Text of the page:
AMSA executives hold annual Narooma meeting

EXECUTIVES from the Australian Maritime Safety Authority (AMSA) in Canberra had their annual planning meeting at the Narooma Golf Club last week.

This is the sixth year the two-day meeting was held in sunny Narooma thanks to the authority’s chief executive Graham Peachey, who is a part-time Narooma resident.

AMSA is Australia’s maritime safety regulator. It promotes safety for commercial vessels and ships, conducts search and rescue missions for mariners and aviators who need assistance and protects the marine environment from ship based pollution.

The meeting reviewed the first six months of the National System for Domestic Commercial Vessel Safety.

For the first time, Australia now has one set of consistent standards for domestic commercial vessels.

Australian state and Northern Territory governments work together to deliver services to the maritime community with over 240 delegates around Australia. 

The meeting found the new system is working well but could be improved by reviewing the regulations with a view to providing simpler and less costly safety rules for commercial vessels.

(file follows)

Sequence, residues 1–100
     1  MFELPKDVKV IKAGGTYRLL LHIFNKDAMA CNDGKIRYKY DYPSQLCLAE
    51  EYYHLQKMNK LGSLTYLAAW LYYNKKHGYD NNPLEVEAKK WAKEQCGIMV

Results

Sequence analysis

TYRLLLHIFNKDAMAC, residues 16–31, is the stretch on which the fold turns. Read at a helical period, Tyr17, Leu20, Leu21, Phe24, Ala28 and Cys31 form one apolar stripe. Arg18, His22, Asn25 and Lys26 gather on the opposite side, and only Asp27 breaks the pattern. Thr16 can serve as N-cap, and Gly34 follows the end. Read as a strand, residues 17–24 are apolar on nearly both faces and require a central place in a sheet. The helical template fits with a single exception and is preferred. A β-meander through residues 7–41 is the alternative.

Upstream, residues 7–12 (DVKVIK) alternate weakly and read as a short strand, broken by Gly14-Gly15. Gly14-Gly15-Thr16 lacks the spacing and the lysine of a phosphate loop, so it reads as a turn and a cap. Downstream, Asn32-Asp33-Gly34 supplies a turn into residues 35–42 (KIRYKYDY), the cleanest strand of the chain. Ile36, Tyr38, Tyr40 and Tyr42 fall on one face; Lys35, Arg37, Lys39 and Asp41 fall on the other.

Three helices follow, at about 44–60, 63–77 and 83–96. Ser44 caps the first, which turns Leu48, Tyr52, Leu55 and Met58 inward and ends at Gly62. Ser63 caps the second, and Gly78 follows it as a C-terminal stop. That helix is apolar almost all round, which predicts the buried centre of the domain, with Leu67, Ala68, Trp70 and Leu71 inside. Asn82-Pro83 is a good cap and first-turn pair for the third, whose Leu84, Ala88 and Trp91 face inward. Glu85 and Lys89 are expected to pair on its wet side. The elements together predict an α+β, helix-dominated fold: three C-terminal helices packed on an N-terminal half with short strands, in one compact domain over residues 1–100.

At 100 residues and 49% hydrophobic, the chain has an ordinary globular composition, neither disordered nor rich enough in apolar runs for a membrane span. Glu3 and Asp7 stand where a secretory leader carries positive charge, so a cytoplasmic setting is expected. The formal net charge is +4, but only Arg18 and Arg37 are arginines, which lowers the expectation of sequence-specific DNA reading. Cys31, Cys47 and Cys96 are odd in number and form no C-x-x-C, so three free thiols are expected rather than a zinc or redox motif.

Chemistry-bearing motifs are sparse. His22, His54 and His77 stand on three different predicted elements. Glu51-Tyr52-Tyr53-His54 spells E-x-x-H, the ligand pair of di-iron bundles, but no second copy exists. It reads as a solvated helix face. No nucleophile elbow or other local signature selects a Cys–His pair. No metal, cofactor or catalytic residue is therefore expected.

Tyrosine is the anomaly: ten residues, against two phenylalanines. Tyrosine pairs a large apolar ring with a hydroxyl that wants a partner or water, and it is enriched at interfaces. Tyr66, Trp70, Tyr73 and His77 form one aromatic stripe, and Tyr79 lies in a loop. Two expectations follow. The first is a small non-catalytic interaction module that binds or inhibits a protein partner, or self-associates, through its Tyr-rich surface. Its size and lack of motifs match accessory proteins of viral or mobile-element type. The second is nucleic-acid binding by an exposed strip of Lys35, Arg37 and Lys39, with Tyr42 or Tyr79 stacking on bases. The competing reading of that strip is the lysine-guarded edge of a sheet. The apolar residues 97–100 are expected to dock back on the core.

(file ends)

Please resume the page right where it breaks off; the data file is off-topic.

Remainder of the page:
That review has commenced and will continue over the next few months.

On the South Coast, AMSA certificates can be obtained at Roads and Maritime Services (RMS) offices in Narooma, Moruya and Eden.

The meeting reviewed AMSA’s recent rescue of 52 people in Antarctic from the ice bound ship Akademic Shokalskiy.

AMSA coordinated the rescue after the ship sought assistance, and was able to coordinate a helicopter rescue of the Shokalskiy’s passengers in an operation that involved ships from Australia, Russia, China and France and was an excellent example of international cooperation.

In 2013, AMSA coordinated the rescue of more than 8,900 people.

The meeting also noted AMSA has nearly finalised a new contract for maintenance of over 300 “aids to navigation”, including the Montague Island lighthouse.

The new contract will improve the maintenance services and will assist navigation for vessels along the south coast.

The meeting also noted the increased shipping traffic coming to Australia.

In 2012, 5338 international ships made over 25,000 port calls in Australia.

The meeting looked at new ship routing and advisory measured to assist the safe management of shipping traffic in busy shipping routes in Australia.

The AMSA corporate video and Facebook and Twitter links can be found at

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